Busy day so it’s a toss of the coin…

A big weekend round up or the latest DNA PRA List? It’s tails so the DNA PRA List it is. Even though this has only been going on for an actual month we are aware that there are people who are a bit confused by it all so, if you can, have a look at the Glen of Imaal Terrier Breed Notes in Our Dogs this week. You’ll be able to find it in WH Smiths and it might be worth buying it, to refer back to, rather than just reading it in the shop.

Ballyfoyle Blue Boy-Affected

Beechvalley Golden Boy-Carrier

Beechvalley No Hostage-Clear

Billy Tow von Au Deich-Clear

Briarhill O’Riley-Clear

Clogging Grian Claran Tatler Jack-Clear

Daulton’s Darling Orlaith-Carrier

Daulton’s Emerald Green-Clear

Daulton’s Kelly Green-Carrier

Finnabair Bretzel-Clear

Fire & Ice Fantaghiro-Clear

Fire & Ice Jazz-Clear

Gleann Lassarina-Carrier

Gleann Mrs Marshmellow-Carrier

Gleann Nolaig-Clear

Gleann Ode-Carrier

Hyvänhuomenen Urhea Gleann-Clear

Irish Rovers Lady Bridget Bee-Clear

Jeonty Flown Finnair-Clear

Jeonty Just For Fire & Ice-Carrier

Kilkenny’s Sine Metu-Carrier

Kilkenny’s Travelin’ Man-Clear

Miimoksen Sirius-Carrier

Rosears Ablooming Bud-Carrier

Siossapee’s Hilaris-Carrier

Previous lists appeared on August 31st and August 6th

9 thoughts on “Busy day so it’s a toss of the coin…

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  2. From “Our Dogs” Glen of Imaal Terrier Breed Notes
    (10th September 2010)

    A gene mutation, which causes generalised progressive retinal atrophy (PRA) in the Glen of Imaal Terrier, has recently been identified, and direct DNA testing is now available to breeders and owners. The mutation (deletion) occurs in the ADAM9 gene and causes cone-rod dystrophy (CRD), which is one of a number of canine inherited eye diseases that come under the umbrella term of PRA. The journey has been a long one but, thanks to the research teams at Cornell University (Ithaca, USA) and Rühr University (Bochum, Germany), we need never again breed a Glen of Imaal Terrier that will develop the form of PRA caused by the recently identified mutation in the ADAM9 gene. (N.B. All further references to Glen PRA in these breed notes refer to late onset cone-rod dystrophy and the ADAM9 gene mutation).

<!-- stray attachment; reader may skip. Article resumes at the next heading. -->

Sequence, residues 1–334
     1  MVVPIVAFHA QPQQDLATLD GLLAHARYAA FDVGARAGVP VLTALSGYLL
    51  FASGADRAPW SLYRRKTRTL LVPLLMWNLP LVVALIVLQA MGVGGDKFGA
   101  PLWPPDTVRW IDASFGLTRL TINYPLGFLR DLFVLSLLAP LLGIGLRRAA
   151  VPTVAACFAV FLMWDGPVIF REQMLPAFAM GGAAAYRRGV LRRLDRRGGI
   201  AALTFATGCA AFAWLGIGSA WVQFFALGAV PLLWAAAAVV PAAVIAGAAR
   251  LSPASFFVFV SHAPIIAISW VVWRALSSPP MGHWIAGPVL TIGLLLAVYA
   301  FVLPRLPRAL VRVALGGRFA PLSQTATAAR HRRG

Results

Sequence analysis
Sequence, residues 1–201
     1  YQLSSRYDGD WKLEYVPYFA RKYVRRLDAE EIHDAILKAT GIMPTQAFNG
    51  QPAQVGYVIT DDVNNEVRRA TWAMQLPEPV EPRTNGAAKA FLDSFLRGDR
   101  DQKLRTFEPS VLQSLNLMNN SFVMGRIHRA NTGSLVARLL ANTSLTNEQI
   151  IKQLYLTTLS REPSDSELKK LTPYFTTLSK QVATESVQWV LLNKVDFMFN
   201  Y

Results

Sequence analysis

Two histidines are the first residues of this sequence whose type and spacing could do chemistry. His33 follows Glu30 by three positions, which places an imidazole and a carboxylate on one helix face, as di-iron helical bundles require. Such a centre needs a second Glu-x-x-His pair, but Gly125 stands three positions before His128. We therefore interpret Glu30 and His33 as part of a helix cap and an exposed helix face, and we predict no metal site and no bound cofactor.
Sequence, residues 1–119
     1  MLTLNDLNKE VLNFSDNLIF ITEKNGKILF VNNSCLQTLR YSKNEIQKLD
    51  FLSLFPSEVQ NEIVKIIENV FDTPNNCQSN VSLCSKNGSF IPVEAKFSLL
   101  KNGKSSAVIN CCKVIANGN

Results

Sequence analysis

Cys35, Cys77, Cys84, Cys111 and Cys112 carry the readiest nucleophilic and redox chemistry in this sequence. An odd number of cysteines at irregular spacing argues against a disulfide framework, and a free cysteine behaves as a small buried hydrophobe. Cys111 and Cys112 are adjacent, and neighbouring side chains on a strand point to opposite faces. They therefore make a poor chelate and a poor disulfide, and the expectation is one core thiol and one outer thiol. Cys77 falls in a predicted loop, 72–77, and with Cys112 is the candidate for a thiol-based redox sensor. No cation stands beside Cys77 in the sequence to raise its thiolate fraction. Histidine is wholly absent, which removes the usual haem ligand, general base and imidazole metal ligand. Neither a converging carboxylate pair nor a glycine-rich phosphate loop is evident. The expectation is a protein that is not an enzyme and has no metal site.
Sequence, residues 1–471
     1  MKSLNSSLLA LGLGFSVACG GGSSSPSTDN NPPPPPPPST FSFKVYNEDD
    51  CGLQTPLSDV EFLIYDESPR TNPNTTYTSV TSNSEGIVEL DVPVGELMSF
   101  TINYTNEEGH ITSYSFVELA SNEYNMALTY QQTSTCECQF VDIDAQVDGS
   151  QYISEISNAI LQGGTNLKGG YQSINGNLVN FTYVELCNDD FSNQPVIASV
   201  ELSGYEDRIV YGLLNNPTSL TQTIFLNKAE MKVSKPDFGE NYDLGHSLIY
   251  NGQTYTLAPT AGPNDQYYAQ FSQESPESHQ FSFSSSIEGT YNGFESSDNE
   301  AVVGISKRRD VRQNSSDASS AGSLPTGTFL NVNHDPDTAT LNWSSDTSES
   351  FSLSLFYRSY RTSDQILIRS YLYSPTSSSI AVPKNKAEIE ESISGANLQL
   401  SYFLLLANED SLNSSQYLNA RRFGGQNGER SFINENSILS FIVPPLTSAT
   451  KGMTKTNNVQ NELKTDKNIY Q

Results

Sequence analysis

The by-line of the EFG blog is “Keeping Glen of Imaal people up to date” and the past few months has seen one “hot-off-the-press” communication after another, relating to developments with the Cornell and Bochum research projects and publication of the results of DNA-tested Glens. First came the announcement, on 17th June entry, that Dr Acland’s team at Cornell had identified a gene mutation causing PRA in the Glen of Imaal Terrier; and that a direct gene mutation test had been licensed to OptiGen, USA. Then, on 22nd June, came the news that the Bochum team, headed by Professor Epplen, had also identified a gene mutation and developed a genetic test.

    The 12th August blog entry has links to the Cornell and Bochum research papers. The Cornell paper – “An ADAM9 mutation in canine cone-rod dystrophy 3 establishes homology with human cone-rod dystrophy 9” – was received on 9th July 2010; accepted 6th August; and published in the journal ‘Molecular Vision’ on 11 August. The Bochum paper – “Generalized progressive retinal atrophy in the Irish Glen of Imaal Terrier is associated with a deletion in the ADAM9 gene” – was received on 15th July 2010; revised 26th July; accepted 26th July 2010; and the full text article became available online on 4th August; it is also to be published in the bi-monthly journal ‘Molecular and Cellular Probes’.

    The first 14 UK DNA test results from Bochum, and some of the first US DNA results from OptiGen, were published on the EFG blog on 6th August. Val Harley, GOITA’s Vice Chair, has written on the GOITA Glen Forums (under Health – Optigen DNA testing sessions), “With permission of the owners results will be posted on the web site.” Val also reported that 10 Glens were being tested at an OptiGen 20/20 session at Malvern on 18th July; 1 at Durham on 24th July; and a further 10 at Leicester on 30th July. The GOITA website address is: http://www.goita.co.uk. Another 10 DNA results of UK Glens have been published on the EFG blog on 31st August – 7 OptiGen tested and 3 Bochum tested. Of the 24 published results of UK Glens, there are 17 that are Normal/Clear (+ +) and 7 that are Carrier (+ -) status.

    If you would like your Glen DNA tested for cone-rod dystrophy (Glen PRA), you have a choice – Bochum or OptiGen: